Here you can see a model of the gearbox shell and how it's shaped around the cylinder. The darker red the color, the more pressure and force that's on the metal. You can see on the left picture, how the cylinder edges aren't radiused, there's lots of orange, and even a little red. The red means that it's a breaking point. Now, when you look at the right picture, you see that the cylinder's edges have been radiused, and everything is a much nicer color, less stress, and less likely to break.
The corners there, on a stock gearbox, are pressure points. All that pressure slams into the front, and those points take a lot of it. By rounding them out, you are making those "points" larger, so all that pressure is spread over a larger area. This is similar to why AoE is good. Larger contact pressure, less likely to break. Now, obviously, there is a limit to how large they need to be, you don't want paper thin walls.
So, that's where I'll help out a little more, MORE PICTURES!!!
This picture here, is a stock Classic Army M16 X-Series gearbox shell. Just like any other version 2 gearbox shell you'll find in a stock gun. Note how the edges of the cylinder hole are not rounded, they're corners, corners are bad.
I use this dremel tool to remove material from the gearbox shells. I believe it's a steel cutting Tungsten Carbide Cutter, piece 9901 for those of you with a dremel. For those of you without, a rat tail file will work, it just takes a lot longer.
Now, you are going to want to get a little creative with how you take out the material. You don't want to damage other parts of the gearbox, and you don't want to damage your dremel either. Here is how I remove material:
You basically, only want to remove enough material, to get rid of the corners that are there. Once they are 100% gone, then stop, you don't need to take any more away from the gearbox. Anything extra will only lead to problems.
And then, once you're done with that:
You have a properly radiused cylinder.
A few notes before I wrap this up.
Be sure to remove the metal shavings from the gearbox, you don't want that getting around, it'll cause problems.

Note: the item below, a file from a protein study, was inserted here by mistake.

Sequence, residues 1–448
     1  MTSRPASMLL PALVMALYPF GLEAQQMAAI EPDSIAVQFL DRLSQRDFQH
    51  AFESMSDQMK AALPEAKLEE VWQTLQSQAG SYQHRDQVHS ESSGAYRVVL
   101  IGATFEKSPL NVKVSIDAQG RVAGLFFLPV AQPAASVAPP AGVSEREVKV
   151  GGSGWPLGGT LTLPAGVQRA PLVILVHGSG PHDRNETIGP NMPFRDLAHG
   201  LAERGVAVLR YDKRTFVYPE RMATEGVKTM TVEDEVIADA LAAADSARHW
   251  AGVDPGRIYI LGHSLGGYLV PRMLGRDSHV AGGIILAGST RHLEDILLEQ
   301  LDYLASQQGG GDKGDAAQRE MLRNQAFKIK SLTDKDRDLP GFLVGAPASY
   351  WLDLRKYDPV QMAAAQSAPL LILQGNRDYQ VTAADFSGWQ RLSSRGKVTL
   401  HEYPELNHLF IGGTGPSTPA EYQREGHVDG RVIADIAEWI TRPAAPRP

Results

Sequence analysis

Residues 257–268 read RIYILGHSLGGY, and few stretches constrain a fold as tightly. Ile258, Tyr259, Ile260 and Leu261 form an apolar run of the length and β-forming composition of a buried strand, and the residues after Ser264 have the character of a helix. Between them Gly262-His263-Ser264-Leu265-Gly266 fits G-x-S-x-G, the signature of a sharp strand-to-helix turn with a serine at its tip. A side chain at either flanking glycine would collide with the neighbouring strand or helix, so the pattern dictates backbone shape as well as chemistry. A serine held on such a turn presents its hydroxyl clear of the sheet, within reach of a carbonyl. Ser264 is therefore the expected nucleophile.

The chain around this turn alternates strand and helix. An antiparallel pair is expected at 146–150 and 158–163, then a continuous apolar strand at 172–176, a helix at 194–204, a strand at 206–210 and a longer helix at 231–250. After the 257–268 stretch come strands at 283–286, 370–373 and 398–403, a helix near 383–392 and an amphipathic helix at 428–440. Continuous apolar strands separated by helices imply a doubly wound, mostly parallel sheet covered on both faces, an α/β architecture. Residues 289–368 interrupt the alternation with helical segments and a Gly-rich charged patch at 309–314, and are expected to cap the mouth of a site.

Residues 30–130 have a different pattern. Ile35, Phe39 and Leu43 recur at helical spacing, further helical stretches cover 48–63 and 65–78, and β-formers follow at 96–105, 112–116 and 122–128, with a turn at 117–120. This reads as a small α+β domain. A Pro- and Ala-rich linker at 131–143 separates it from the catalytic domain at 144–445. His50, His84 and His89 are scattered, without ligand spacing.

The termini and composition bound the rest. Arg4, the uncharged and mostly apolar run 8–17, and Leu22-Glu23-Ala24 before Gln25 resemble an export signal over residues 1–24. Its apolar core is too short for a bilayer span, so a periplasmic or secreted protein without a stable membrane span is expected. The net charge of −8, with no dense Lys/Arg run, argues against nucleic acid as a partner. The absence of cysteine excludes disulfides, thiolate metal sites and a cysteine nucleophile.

Remember to always use eye protection, metal shards + eyes, no fun there either. I also find that sometimes gloves, or doing this in an easy to clean up area is a good idea as well. Metal shards can act as splinters, and those won't decay like wooden ones will. Be careful. Take your time and take it slowly.
For archive's sake, here is the old post:
So, It's a boring day at work, and I've got the time to type this up. I've been suggesting to several people to try and round the edges of your cylinder port on the gearbox to increase the integrity of the gearbox shell. Most of the time I get the "how do I do that" Well, I can't show you how to do it, but I can show you the differences of what happens with your gearbox with and without the mod.
This is the gearbox of an Ares Tavor. It's shaped differently, but it is still a gearbox, and still goes under the same forces that normal gearboxes go under. You can see around the cylinder, everything comes to a point, closing in around the cylinder. Well, this causes a pressure point, and therefore a point for the gearbox to crack. This is also the cause of the infamous V2 Gearbox crack.
Well, this is a program called solid works. This is a simple example of a gearbox with the cylinder removed. The outside is simply a block of metal, the inside is cut out in the same shape of a cylinder. It has been overly simplified so you can see what happens.
I have put it under a stress test, with the force being on the far inside wall of the cylinder. The object is being held in place by the back outside wall, the one with the green arrows. Blue is good, it means the area has been unaffected by the force, and isn't experiencing much, if any stress.
As the colors shift from blue to red, you get more and more stress. You see how at the front corners of the gearbox, they are very red. Those are the pressure points. Those are where the cracks start, and gearboxes break.
The fix is to round the corners. What it does is spread out that force from one point, to a much larger point, because of the rounding.
This for example, is a gearbox that has rounded corners. The ones in the back aren't necessary, but the ones in the front are very good. It spreads out that force of the piston hitting the cylinder head.
In this image, I have rounded out the front of the cylinder head area as shown in the above gearbox. See how blue everything is now, that means it isn't experiencing near as much stress as it was when those corners where still corners. Those red marks are still there, but they are much, much smaller, not to mention how little stress the rest of the gearbox is in. This is the reason why this is such a good mod for high powered set ups, and for V2 gearboxes, for those of you who are paranoid about them breaking.
This can be done with a dremel, or just a round file that you may or may not have lying around the house. It's not very hard, just don't take off too much material.
Edited by Star_folder, 12 November 2012 - 07:26 PM.